Drum line trials reveal how many sharks lurk off NSW coast


Source: Manly Daily

Drum lines will remain bobbing in the waves off NSW north coast beaches dangling a big baited hook until at least June next year after the State government committed to funding the scheme along the stretch of beaches which has been a shark attack hotspot.

While a trial of SMART drum lines off Newcastle, Sydney and the South Coast ends this week, the extension of funding for the north coast between Ballina and Lennox Head is expected to see them become a permanent fixture.

The Sunday Telegraph can reveal 11 potentially dangerous sharks were caught in the past two months during the South Coast trial.

A great white shark caught on a SMART drum line off the beach at Tathra during the latest trial. Picture: Supplied

A tiger shark was also caught. Picture: Supplied

Six great whites measuring between 1.5m and 1.82m were caught at Tathra, as well as three tiger sharks measuring between 1.3m and 1.68m.

Two tiger sharks measuring 1.78m and 1.75m were hooked, tagged and released off the beach at Merimbula.

SMART (Shark Management Alert in Real Time) drum lines are baited hooks under a float attached to an electronic alert system.

Once hooked a boat crew fit the shark with a smart tag — which can track their movements — and release it as soon as possible.

“Preliminary trial results show SMART Drumlines are successful in catching target sharks and allowing our professional staff to tag and release them out at sea,” Minister for Agriculture Adam Marshall said.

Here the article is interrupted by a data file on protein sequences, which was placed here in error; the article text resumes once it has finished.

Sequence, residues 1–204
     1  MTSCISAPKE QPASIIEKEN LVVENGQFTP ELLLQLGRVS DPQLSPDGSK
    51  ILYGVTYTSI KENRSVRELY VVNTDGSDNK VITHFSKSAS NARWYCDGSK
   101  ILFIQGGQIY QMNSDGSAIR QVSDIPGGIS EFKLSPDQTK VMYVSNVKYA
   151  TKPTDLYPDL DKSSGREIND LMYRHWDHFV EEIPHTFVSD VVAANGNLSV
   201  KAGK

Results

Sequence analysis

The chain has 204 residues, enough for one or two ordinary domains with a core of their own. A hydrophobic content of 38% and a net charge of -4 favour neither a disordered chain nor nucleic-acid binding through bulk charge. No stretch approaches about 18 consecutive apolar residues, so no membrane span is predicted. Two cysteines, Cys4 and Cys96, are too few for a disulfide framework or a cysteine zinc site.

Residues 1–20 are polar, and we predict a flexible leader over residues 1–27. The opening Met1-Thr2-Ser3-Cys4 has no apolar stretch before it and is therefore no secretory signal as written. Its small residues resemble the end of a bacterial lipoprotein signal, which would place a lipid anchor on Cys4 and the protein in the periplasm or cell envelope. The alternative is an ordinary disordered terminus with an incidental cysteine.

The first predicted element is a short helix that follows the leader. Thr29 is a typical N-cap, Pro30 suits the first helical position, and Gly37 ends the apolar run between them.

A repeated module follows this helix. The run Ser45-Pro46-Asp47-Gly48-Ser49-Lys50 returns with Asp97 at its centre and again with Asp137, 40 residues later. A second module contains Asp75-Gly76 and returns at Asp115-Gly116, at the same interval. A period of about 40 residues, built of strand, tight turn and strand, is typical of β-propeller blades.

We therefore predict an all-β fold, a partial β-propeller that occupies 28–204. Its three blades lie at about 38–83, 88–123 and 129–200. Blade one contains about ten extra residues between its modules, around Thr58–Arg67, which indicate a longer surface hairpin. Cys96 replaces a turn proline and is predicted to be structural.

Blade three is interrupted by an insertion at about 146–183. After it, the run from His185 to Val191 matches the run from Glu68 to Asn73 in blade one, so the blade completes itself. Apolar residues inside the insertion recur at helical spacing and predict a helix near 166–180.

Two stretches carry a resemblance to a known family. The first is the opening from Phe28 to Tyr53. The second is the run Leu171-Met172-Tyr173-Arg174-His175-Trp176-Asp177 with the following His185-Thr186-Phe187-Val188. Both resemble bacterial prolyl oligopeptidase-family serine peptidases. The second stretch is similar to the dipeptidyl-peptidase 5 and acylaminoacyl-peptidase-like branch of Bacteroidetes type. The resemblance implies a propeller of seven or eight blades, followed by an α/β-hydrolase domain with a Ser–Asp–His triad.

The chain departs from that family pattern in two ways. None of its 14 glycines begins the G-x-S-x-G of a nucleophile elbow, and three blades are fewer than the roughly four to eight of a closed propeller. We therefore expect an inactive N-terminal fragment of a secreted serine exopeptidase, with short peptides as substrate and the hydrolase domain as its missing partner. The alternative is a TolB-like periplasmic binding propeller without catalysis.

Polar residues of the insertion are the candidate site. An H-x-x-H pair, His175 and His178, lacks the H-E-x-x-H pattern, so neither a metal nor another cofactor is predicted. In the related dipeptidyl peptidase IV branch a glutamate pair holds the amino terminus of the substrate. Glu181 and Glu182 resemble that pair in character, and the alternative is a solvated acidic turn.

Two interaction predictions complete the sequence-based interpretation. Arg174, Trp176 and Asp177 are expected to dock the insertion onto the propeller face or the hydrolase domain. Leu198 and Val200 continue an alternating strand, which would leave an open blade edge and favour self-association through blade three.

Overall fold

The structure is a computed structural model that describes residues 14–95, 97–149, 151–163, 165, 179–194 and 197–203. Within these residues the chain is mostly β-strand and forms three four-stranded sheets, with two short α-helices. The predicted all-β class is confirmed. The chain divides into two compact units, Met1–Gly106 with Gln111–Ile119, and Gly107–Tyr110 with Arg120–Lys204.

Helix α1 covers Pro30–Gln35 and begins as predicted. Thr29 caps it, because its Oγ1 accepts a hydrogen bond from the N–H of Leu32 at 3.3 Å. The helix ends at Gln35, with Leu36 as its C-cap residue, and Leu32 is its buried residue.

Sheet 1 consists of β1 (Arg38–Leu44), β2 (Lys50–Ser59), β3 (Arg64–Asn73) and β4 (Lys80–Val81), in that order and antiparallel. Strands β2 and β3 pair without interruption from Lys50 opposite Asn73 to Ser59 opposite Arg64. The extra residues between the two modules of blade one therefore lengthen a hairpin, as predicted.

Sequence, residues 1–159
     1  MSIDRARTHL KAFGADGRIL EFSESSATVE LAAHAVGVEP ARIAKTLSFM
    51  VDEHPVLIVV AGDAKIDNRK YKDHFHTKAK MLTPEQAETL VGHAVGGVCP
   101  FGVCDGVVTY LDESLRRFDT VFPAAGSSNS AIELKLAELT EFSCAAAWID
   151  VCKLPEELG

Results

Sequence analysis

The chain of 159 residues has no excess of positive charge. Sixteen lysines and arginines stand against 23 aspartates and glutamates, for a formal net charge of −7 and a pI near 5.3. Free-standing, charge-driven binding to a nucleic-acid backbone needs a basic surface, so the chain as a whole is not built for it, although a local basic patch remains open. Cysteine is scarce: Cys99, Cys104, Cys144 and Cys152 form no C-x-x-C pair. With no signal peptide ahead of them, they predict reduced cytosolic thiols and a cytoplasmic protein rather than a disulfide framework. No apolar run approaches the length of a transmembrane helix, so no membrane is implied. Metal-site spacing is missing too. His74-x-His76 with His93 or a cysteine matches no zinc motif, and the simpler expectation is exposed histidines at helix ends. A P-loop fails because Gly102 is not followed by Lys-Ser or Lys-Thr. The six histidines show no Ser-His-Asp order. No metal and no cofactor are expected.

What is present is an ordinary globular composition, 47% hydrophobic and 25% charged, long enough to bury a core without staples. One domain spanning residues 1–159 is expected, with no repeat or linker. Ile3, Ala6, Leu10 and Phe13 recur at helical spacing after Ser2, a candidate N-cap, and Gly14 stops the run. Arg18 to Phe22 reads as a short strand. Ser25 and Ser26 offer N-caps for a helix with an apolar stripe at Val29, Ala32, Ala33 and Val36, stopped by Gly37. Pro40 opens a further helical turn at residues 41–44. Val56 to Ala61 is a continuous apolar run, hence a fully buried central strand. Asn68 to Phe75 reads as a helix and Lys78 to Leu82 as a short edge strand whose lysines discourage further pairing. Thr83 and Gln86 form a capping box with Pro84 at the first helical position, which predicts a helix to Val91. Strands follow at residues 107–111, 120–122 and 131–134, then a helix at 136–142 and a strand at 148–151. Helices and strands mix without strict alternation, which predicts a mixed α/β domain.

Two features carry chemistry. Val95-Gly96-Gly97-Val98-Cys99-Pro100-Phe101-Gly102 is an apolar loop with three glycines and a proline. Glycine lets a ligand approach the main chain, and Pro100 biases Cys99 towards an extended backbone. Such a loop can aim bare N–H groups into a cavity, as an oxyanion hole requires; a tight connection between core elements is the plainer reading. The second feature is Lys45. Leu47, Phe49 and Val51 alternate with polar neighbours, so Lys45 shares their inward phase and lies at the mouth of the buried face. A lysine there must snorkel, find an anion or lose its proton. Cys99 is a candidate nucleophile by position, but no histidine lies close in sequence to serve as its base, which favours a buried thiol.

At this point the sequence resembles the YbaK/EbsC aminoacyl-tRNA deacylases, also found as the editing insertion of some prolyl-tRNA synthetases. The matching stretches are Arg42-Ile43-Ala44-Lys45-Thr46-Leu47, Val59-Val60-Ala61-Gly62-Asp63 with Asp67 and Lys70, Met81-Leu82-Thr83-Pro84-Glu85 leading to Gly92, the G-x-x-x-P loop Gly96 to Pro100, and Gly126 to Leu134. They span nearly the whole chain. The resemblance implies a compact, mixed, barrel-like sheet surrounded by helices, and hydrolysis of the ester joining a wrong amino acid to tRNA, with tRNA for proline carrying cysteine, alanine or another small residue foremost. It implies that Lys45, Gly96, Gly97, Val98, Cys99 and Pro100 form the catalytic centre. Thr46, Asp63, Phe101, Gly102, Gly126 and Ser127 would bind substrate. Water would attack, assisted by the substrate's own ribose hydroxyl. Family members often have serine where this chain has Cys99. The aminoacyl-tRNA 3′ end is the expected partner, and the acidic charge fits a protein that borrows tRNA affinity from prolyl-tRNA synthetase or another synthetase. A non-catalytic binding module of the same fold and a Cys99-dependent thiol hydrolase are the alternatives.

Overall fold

“The NSW Government is continuing efforts to increase its knowledge about the movement and ecology of White, Tiger and Bull Sharks, while trialling technologies to reduce the risk of shark bites through methods ranging from drones and helicopters to SMART drumlines.”

The State government has committed to funding the drum line scheme. Picture: Supplied

In the 90-day trial along Sydney’s northern beaches, which ends today, only a single shark was caught — a 2.4-metre tiger shark off Dee Why Beach on April 20.

The drum lines are seen as far less likely to kill other marine life than shark nets.

Sharks caught on the north coast over 23 days in March when the water is extremely warm included a 2.4-metre male tiger shark at Lennox Head Beach, a 2.5-metre male tiger shark at Boulders Beach, and two male tiger sharks at South Ballina Beach, that measured 2.3 metres and 2.6 metres.

No target sharks — great white, tiger and bull sharks — were caught in the 90-day drum line trial off Newcastle.


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